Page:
Guided by professor and Walzworkinc founder Kevin Walz, Pratt Institute interior-design undergrads reinvent shipping containers as socially minded residential communities.

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Designer: Yenna Choi

Focus: Emergency housing

“Architectural tensiles of acrylic- and PVC-coated polyester attached with clamp plates to the containers expand to quickly accommodate people displaced by disaster, while the material’s trans­lucency allows the structures to glow, signaling life and refuge.”

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Designer: Xinxiao Hui

Focus: Foster-care support

“With a roof garden, library, and play areas, the stacked containers yield a dynamic, playful, and pride-worthy residence for up to 12 foster-care children, ranging from newborns to 18-year-olds, and is a lively presence in any community.”



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Designer: Xin Yan

Focus: Efficient, affordable luxury

“Factory fabrication plus unique but repeated details create housing ideal for young families—and suitable to any climate or community—that maximizes land use and rooftop living and features open, fluid plans and the strategic place­ment of windows.”

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Designer: Hanxin Chen

Focus: Sustainable, cost-effective construction

“This adaptation of the shipping con­tainer enhances financial efficiency and integrates a minimalist design language, utilizing a distinct geometric form and a limited materials palette to create a dynamic living experience in nature.”

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Designer: Yifei Xie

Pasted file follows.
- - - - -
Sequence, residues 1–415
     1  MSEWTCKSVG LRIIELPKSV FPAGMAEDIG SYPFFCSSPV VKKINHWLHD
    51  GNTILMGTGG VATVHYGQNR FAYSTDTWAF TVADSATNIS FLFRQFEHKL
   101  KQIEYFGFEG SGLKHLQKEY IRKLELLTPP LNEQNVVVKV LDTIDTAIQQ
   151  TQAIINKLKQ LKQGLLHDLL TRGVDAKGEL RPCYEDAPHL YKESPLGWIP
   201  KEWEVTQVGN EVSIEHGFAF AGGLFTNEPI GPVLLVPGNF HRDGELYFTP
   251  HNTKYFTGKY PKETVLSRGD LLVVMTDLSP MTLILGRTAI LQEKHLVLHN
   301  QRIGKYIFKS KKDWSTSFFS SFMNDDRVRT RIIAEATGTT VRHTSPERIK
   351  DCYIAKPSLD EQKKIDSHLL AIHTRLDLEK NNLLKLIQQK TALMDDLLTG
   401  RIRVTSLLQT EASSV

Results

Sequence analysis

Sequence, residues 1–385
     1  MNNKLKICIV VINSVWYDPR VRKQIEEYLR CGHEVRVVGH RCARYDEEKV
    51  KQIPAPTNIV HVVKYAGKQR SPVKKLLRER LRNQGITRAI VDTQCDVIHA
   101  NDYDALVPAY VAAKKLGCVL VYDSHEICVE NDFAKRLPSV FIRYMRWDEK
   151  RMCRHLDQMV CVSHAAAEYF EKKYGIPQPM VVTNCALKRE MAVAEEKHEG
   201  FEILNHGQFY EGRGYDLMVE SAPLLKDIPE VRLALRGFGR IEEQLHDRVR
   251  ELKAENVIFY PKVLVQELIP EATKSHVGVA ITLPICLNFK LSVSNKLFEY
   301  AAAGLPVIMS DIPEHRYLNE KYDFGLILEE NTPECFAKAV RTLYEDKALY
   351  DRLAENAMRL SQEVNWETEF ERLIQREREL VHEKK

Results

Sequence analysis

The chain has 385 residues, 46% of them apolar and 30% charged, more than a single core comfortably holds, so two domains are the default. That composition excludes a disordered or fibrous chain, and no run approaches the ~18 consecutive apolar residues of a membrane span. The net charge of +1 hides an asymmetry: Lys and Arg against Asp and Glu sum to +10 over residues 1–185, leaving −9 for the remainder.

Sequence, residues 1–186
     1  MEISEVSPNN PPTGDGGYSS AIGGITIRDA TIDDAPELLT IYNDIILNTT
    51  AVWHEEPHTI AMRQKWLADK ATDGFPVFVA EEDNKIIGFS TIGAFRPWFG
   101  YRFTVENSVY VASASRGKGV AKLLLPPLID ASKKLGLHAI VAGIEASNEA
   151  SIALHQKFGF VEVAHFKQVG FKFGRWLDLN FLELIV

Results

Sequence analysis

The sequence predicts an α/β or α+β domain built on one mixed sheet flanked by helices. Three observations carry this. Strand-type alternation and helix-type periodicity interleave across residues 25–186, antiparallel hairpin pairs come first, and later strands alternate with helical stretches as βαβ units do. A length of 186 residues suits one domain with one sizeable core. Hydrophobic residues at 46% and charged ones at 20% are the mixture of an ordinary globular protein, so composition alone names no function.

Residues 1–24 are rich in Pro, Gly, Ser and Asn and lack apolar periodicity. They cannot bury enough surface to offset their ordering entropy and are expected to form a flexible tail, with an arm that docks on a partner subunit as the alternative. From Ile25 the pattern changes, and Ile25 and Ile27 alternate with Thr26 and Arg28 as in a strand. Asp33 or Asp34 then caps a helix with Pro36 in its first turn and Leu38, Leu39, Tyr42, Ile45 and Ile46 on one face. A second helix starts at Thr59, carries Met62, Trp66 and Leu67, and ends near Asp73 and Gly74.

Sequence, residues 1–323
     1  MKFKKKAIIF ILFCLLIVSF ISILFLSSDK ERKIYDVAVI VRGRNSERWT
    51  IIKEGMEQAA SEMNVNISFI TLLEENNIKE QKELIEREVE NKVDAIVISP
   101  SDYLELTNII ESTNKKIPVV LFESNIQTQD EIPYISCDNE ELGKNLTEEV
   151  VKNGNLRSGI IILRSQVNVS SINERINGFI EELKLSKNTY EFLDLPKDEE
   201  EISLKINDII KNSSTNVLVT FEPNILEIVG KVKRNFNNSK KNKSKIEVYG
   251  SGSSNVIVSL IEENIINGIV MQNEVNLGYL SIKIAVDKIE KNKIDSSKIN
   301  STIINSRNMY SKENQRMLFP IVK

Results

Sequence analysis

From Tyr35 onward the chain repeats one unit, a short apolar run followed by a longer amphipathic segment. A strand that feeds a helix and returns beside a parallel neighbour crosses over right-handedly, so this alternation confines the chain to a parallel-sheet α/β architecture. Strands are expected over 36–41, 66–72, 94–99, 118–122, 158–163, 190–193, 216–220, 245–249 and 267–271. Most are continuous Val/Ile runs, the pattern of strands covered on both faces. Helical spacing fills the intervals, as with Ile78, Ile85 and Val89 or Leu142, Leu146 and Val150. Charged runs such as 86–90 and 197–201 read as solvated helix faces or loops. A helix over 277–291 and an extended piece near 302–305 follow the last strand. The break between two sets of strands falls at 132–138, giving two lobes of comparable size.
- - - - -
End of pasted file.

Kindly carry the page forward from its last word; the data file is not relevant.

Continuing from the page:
Focus: Veteran housing

“Spaces allocated for communal dining, physical therapy, counseling, medi­tation, and visiting family, plus an outdoor gym and access to nature create an intimate, supportive com­munity for veterans to heal from PTSD and other psychological wounds.”

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Designer: Evan Hryshko

Focus: Off-grid living

“The customizable homes utilize self-sufficient technologies—rainwater collection, recycled and locally sourced materials, family-size greenhouses, passive cooling and heating systems—to reduce reliance on external infra­structure.”

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Designer: Yasmeen Abdal

Focus: Syrian refugee housing

“Modular extensions that mimic the fabric of Arab communities and accommodate extended families cultivate self-adjusting neighborhoods, with facilities including learning and laundry centers as well as a co-op, for producing and selling items.”

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Designer: Emily Canavan

Focus: Child homelessness

“Providing homeless families with long-term apartments featuring high-quality yet affordable materials, like cork tile and pre-fab stainless-steel kitchen and pine storage units, the residences advocate that access to beautiful design should not be limited by wealth.”